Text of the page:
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Years ago, attacks on emails in transit and at rest were commonplace, enabling attackers to successfully steal sensitive communications. In this first of a 3 part series, we look at the new tricks cybercriminals have up their sleeves and how we can defend the enterprise.
Today’s CIOs and CISOs are aware of the potential for corporate data theft via their email platforms. They know that the compromise of even a single employee’s email account can result in millions of dollars of damage to the company. As a result, many security leaders have invested a great deal of time and a dizzying array of resources to address email risks. Unfortunately, in spite of the increased focus on email attacks, these attacks have increased almost 50% during the first quarter of 2018 over the same time last year.
While enterprise leaders intelligently focus on NIST standards that prescribe use of encryption in transit and encryption at rest, many fail to realize encryption as a powerful tool with potential to help them well beyond these narrow applications.
Years ago, attacks on emails in transit were commonplace, enabling attackers to successfully intercept and read sensitive communications. For example, attackers could easily trick someone to use a rogue WiFi hotspot that closely resembled a trusted one and thus provide an attacker full access to a person’s emails. However, as TLS and SSL became more widely deployed, attacks focused on intercepting messages became less prevalent.
Similarly, prior to deployment of encryption at rest there was significant data theft due to lost, stolen or inappropriately decommissioned computers. But, with encryption at rest products such as Bitlocker, enterprises have dramatically reduced unauthorized data access.
As we fast forward to today, we find encryption in transit and encryption at rest have become commonplace. Alongside this evolution, attackers have followed the path of improved IT hygiene and moved onto other techniques as well. In Part 1 of the series, we’ll examine the trend of attackers use phishing, spoofing and Business Email Compromise (BEC) to breach enterprises, and how encryption can help.
Phishing is the most common form of attack, with as many as 95% of enterprise attacks involving spear phishing. Business Email Compromise scams (which involves impersonating various executives and employees) are also on the rise and have cost businesses $3.1 billion over the past few years.
When criminals phish a user, they typically send an email pretending to be someone credible and try to trick the recipient into doing something such as giving up their password or downloading malware. Many phishing attacks leverage ‘spoofing’ techniques, in which attackers masquerade as legitimate users and companies by creating a forged sender address to make the email appear legitimate. Even when trained to avoid external phishing emails, 30% of employees will still open well-crafted malicious email messages.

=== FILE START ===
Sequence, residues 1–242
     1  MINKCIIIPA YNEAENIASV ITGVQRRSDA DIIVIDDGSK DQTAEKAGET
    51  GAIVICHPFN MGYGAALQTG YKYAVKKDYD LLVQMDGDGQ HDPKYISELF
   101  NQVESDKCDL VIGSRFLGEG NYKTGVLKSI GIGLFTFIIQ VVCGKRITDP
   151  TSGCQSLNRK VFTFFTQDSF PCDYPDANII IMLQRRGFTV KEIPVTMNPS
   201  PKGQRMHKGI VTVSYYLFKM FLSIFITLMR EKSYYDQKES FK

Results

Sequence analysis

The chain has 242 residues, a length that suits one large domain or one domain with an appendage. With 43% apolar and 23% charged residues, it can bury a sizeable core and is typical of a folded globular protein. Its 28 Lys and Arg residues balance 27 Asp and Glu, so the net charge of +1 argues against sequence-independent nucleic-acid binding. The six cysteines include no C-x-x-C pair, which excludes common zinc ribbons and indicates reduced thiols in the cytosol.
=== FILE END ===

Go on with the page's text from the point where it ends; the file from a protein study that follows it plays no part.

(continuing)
In BEC, attackers use a compromised individual’s email account to send out emails. The compromised account has typically been the victim of a phishing or spoofing attack. Attackers will typically compromise people like financial officers or CEOs and use their accounts to send emails requesting employees’ personal identifying information, payment for fake invoices or money transfers. According to Gartner Research, BEC will continue as a persistent and evasive form of attack over the next 5 years, leading to large financial fraud losses for enterprises.
Enterprises have attempted to combat “impersonation” attempts by using security standards such as DMARC and DKIM to protect employees. At their core, DMARC and DKIM are open, DNS-based email authentication standards that use public-key encryption to authenticate email messages. Given that unauthorized use of domains lies at the heart of impersonation attacks, DMARC and DKIM attempt to use a validation system to detect and prevent this sort of domain use.
DMARC and DKIM can work well when deployed, but most organizations find them difficult and time consuming to deploy and use. Proper key management is burdensome. Senders often end up using the same key across their brands, entities and mail streams. As Gartner noted, DMARC efforts are not granular enought to authenticate users and do not address all attack types. Consequently, despite being a powerful solution, we observe that DMARK and DKIM have not been widely deployed across enterprises.
The challenges of phishing, spoofing and BEC are highlighted by the ability of attackers to constantly improve their methods for entering a users’ inbox. Additionally, as soon as technologists find a way to detect attackers’ methods, criminals find new ways disguise their email tricks. Fortunately, there is a way to move past this game of whack-a-mole.
This solution is encapsulated in what PreVeil calls its Trusted Community suite. PreVeil’s Trusted Communities email solution is a reliable method for trusted individuals such as fellow employees, vendors and contractors to communicate through email. This is achieved by providing a secondary “Trusted Mailbox”, which is by default closed off to the outside world and can only be extended to trusted 3rd parties via whitelisting. The result is simple: End users know that, although they still must scrutinize emails that arrive through their ordinary mailbox, any emails arriving in their Trusted Mailbox are (by definition) trusted and legitimate encrypted email messages. They can click on links and reply without worry that the email is a phishing, spoofing or BEC attack.
Interested in learning how you can protect your enterprise messaging from phishing, spoofing and BEC today? Contact PreVeil today to learn more.
In Part 2 of this series we will look at the challenges of using Privileged Access Management as well as preferred alternatives.